Following a series of three community meetings, the School Board is scheduled to fast-track a vote on a new boundary map for the 2015-2016 school year in January.
The process for determining the new school boundaries will begin with a community meeting at 7:00 p.m. on Monday, Nov. 17, at Williamsburg Middle School. There, APS staff will present data showing the need for the boundary change, demonstrate the online tool that parents can use to recommend their boundary maps and “begin work with the community to refine boundary options,” according to an APS press release.
The schools whose boundaries will come under review are the under-construction elementary school next to Williamsburg Middle School, Glebe Elementary, Tuckahoe, Ashlawn, Nottingham, Taylor, Jamestown and McKinley.
The approved boundary change from May of last year reassigned 900 students and resulted in five schools — Taylor, Glebe, Tuckahoe, McKinley and Nottingham — sitting at more than 100 percent capacity, but no school above 105.1 percent capacity. The decision was reached after an eight-month community process, and previous boundary realignments have resulted in tension among parents.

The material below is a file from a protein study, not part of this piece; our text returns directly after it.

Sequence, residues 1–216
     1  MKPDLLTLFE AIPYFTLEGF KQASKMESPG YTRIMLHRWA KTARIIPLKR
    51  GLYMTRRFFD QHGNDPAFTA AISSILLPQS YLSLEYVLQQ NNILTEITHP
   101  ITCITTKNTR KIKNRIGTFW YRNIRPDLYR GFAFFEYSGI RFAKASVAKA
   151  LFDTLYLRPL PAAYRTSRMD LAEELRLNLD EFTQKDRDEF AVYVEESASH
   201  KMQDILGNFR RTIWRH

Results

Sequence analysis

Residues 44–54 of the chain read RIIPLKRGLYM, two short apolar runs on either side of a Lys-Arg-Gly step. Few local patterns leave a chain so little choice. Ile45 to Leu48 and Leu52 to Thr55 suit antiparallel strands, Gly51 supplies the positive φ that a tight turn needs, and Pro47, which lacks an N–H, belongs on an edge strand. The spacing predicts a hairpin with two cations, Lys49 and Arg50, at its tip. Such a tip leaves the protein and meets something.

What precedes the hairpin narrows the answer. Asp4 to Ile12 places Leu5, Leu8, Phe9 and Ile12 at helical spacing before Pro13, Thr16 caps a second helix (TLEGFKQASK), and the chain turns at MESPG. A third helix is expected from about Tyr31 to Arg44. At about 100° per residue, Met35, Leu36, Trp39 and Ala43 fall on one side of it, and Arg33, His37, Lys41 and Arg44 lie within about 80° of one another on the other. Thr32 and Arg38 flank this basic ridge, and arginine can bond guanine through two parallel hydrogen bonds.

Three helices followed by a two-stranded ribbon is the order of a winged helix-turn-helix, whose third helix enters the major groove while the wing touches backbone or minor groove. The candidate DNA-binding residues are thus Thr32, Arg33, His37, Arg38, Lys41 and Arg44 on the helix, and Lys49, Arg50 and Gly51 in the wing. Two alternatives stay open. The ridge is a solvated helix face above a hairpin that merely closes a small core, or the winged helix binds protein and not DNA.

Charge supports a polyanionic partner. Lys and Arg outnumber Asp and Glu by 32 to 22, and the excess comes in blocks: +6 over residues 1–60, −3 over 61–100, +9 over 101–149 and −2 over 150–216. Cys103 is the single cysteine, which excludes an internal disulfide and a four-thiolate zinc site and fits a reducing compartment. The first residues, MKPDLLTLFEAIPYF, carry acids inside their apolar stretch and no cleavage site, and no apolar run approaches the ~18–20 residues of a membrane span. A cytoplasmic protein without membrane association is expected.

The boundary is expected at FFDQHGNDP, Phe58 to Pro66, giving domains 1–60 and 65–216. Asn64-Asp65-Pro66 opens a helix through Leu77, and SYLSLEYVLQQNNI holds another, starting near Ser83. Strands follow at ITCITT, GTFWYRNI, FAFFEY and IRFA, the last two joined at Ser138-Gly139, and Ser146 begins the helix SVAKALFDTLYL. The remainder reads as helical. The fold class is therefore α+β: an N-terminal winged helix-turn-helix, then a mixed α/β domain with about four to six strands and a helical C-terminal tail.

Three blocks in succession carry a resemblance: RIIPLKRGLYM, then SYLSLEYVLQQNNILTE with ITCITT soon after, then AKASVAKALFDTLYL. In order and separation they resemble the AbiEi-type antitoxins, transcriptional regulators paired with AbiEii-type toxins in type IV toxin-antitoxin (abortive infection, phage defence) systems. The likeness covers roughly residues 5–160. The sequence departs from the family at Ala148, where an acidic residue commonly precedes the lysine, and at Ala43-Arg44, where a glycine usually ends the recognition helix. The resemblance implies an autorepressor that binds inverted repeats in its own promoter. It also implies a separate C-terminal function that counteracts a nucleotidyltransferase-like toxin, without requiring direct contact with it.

The boundary revision process, from the first School Board information session to its scheduled adoption, will take two and a half months.
“After we received updated enrollment projections based on Sept. 30 enrollment numbers, the Superintendent directed staff to begin looking at refinement of the 2015-16 boundaries,” APS spokesman Frank Bellavia told ARLnow.com in an email. “The projections confirmed that we will have enrollment imbalances within the those schools and there is a need to do boundary refinements for a relatively small number of families.”